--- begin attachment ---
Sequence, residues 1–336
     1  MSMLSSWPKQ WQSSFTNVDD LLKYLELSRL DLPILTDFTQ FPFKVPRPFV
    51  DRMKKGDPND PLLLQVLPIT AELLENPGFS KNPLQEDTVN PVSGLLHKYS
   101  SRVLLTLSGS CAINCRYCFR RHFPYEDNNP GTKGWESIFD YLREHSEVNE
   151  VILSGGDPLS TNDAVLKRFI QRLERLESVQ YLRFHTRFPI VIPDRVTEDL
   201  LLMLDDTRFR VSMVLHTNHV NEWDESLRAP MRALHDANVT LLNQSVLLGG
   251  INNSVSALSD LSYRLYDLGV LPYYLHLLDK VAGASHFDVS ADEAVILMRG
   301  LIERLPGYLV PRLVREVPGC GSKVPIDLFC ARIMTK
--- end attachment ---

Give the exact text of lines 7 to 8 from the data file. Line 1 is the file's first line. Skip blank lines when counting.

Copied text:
   251  INNSVSALSD LSYRLYDLGV LPYYLHLLDK VAGASHFDVS ADEAVILMRG
   301  LIERLPGYLV PRLVREVPGC GSKVPIDLFC ARIMTK